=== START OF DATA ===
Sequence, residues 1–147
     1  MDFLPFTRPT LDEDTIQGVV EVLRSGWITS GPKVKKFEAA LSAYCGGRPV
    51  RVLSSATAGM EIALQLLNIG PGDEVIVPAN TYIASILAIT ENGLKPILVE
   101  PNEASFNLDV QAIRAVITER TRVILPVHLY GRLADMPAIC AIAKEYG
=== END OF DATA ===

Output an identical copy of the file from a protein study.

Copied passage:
Sequence, residues 1–147
     1  MDFLPFTRPT LDEDTIQGVV EVLRSGWITS GPKVKKFEAA LSAYCGGRPV
    51  RVLSSATAGM EIALQLLNIG PGDEVIVPAN TYIASILAIT ENGLKPILVE
   101  PNEASFNLDV QAIRAVITER TRVILPVHLY GRLADMPAIC AIAKEYG